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Parallel Or 90 Degrees - Jitters CD (album) cover


Parallel Or 90 Degrees


Psychedelic/Space Rock

3.66 | 50 ratings

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Cesar Inca
Special Collaborator
Honorary Collaborator
4 stars It's been a while since Andy Tillison and co. saw themselves in a situation in which the continuing recording and gigging career of Parallel or 90 Degrees was put on ice until further notice. Now that the final weeks of 2009 are no the run, the return of PO90 is a fact. Despite the fact that the band is no longer a quintet but a quartet, the comeback album "Jitters" shows the band at the most accomplished expression of sonic power so far. Clearly following in the footsteps of "More Exotic Ways To Die" (the somewhat distant precedent) in terms of muscular architecture and aggressive dynamics, Tillison, Watts, Clarck and King have really granted us an excellent prog item in which excitement and energy share the king's throne. It will be enough to listen to the introductory track (called 'Interlude') to fnd out right away what I'm talking about here. This collection of riffs and motifs that we will find later on throughout the album's repertoire is a magnificent tour- de-force in which the catchy enhancement of the linked riffs is elaborated in pure artsy fashion. The first exercise on exhaustive elaboration after the electrifying prelude is 'Standalone', whose 6+ minute timespan displays an overpowering development of exciting melodies and arrangements: do not be fooled by the calm beauty of the brief piano intro. 'Threesome' is far more visceral, electrifying in a Muse-meets-O.S.I. sort of way, plus its touches of contemporary PT all over the place. This is fury dynamically comprised in an intelligent framework. 'Entry Level' goes to softer roads, stated on a funky/soul rhythmic scheme that enables the wilder passages to preserve a relatively constrained mood for good effect. So far, things have gone great and there still some more great stuff in store. 'Backup' insists on the PT pattern under the guise of powerful art-rock on a mid- tempo framework. The interlude gives the band room to expand on their heavier side, in this way generating an implosive psychedelic storm with accentuated connections to the prog-metal standard: Muse-meets-Radiohead with touches of "X"-era Fates Warning?... mmmm? The result is amazing, no doubt in my mind about it. 'The Dock Of The Abyss' is more related to the straightforward dynamics of post-punk and 90s melodic alternative rock, but this is not an indulgent pop song - the synth ornaments have a patently bizarre flair to them, and so do the prog-metal guitar attacks that emerge somewhere in the middle. This is arguably the most agile song in the album, with 'Standalone', 'Threesome' and 'Backup' signifying the epic highlights. The album's last 7 minutes are occupied by 'On The Death Of Jade', a blatantly modernized song that combines space-rock, Indie and shades of krautrock, fluidly solidified within a nostalgic ambience. In many ways, this song might be enjoyed as a reminiscence of pre-"Exotic Ways" PO90. Full frontal energetic rock in a non-mainstream fashion: this is the offering of "Jitters", this is the sort of artistic challenge that PO90 brings to whoever feels ready to experience what a big part of prog rock is all about nowadays.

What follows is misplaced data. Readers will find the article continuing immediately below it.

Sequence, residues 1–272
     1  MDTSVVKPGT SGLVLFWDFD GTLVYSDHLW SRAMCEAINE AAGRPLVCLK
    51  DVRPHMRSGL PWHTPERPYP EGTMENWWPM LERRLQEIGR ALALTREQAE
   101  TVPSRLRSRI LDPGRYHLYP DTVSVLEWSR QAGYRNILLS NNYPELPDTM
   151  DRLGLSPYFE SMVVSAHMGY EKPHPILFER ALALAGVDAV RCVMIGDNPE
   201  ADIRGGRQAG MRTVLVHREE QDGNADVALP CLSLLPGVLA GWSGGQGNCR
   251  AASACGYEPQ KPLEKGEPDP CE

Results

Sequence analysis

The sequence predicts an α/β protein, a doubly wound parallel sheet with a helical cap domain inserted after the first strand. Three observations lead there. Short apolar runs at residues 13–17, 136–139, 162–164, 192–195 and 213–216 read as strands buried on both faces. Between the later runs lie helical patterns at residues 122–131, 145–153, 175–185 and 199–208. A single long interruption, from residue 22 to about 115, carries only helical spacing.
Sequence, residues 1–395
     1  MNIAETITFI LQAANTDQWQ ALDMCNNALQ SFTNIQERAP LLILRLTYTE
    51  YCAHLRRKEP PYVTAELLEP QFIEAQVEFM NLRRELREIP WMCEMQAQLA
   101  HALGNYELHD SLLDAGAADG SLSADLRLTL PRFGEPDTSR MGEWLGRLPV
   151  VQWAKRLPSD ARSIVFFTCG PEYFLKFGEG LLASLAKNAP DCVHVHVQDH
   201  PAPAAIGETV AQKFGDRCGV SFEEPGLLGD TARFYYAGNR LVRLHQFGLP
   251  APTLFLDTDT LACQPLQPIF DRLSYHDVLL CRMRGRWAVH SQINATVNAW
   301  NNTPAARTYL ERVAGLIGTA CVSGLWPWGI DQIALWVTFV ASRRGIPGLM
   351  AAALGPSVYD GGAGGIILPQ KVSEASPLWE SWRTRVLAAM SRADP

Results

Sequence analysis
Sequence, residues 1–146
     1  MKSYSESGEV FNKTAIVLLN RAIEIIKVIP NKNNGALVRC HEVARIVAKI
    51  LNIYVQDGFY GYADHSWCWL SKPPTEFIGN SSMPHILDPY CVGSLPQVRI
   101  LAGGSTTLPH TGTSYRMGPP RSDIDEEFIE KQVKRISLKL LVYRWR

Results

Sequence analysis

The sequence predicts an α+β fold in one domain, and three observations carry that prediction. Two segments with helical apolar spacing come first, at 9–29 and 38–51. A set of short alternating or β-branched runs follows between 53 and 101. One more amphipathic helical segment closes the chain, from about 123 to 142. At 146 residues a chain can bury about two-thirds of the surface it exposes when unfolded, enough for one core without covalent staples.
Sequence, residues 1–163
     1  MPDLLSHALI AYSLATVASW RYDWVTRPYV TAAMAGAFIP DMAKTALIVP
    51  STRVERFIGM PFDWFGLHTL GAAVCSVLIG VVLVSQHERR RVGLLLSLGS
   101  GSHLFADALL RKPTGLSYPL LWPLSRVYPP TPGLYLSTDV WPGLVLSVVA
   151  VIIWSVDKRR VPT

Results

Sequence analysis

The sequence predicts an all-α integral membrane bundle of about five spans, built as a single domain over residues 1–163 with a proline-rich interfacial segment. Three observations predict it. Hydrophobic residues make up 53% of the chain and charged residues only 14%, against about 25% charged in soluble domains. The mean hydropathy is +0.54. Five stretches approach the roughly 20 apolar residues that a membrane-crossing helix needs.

Cesar Inca | 4/5 |


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